In a recent interview with the Spanish edition of Vanity Affair Silva lamented the failings of a justice system that treats high-standing citizens (bankers, business magnates, politicians and royalty) so much more kindly than all other members of society. He also discussed the chronic lack of judicial independence in Spain — an increasingly important subject given the ever-rising backdrop of political corruption and financial malfeasance in the country.
Here’s a selection of some of the juiciest quotes from the interview (roughly translated by my good self):
- On the separation of powers in Spain:
Judges don’t have a solidly established position in Spain. We don’t have real power or independence.
- On rising public indignation:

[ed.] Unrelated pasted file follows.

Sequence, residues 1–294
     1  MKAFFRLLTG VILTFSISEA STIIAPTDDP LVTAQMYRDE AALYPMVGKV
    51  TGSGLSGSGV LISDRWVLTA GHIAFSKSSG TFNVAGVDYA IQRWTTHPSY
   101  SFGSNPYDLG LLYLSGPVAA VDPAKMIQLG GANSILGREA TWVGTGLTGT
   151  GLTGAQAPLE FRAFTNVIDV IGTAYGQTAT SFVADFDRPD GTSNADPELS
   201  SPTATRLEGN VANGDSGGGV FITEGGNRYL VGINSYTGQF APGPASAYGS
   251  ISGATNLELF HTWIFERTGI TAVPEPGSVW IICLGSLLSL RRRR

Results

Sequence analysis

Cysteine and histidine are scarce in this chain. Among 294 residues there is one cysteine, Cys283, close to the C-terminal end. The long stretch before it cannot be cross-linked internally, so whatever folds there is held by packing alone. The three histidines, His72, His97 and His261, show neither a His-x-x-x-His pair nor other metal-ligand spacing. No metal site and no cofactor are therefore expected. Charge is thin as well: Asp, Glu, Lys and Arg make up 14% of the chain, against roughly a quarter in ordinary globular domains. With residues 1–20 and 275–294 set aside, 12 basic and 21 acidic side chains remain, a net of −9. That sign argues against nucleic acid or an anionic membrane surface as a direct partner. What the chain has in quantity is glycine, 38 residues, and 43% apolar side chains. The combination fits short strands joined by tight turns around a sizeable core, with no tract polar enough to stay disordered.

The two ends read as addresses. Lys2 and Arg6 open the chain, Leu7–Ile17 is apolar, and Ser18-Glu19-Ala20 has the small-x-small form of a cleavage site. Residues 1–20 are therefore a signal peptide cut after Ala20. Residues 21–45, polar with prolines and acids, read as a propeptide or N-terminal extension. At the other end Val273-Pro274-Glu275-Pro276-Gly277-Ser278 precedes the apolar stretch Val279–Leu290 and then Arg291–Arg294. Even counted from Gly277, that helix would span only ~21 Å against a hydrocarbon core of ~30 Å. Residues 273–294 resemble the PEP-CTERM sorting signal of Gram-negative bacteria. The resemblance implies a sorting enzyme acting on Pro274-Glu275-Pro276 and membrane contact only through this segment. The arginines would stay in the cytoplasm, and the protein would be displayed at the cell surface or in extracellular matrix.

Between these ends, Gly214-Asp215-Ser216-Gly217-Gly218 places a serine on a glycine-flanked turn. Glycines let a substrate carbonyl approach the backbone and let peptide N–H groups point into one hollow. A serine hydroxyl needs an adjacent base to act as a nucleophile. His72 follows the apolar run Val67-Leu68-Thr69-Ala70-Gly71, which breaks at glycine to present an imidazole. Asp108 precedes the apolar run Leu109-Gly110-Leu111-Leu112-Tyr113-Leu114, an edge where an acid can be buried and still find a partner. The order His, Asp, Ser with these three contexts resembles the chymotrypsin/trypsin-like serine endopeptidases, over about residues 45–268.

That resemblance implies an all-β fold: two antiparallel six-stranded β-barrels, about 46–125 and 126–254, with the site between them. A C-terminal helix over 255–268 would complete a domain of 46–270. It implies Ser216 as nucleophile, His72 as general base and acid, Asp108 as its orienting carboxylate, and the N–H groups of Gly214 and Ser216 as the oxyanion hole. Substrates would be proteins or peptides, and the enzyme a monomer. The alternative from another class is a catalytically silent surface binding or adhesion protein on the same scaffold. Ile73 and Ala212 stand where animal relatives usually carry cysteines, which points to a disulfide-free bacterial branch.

“Society is mobilizing because it’s tired of seeing charges pressed against so many public officials, but no sentences… You see constant problems with the banks, collapses of financial entities and the government in a very tenuous economic situation… and yet nothing happens… [The collapse of the saving banks] has lead directly to loss of sovereignty and the explosion of sovereign debt to a level that will be impossible to pay off… We are talking about scores of billions of euros, of thousands of people who don’t know if they will be able to pay for their treatment against cancer, of students who don’t have enough money to enroll in college… We could be talking about generation after generation being left saddled with a debt they had nothing to do with. To investigate the delta of incognitos in the Bankia case, that is the big challenge. Compared to that, even the Bárcenas case is of lesser importance.”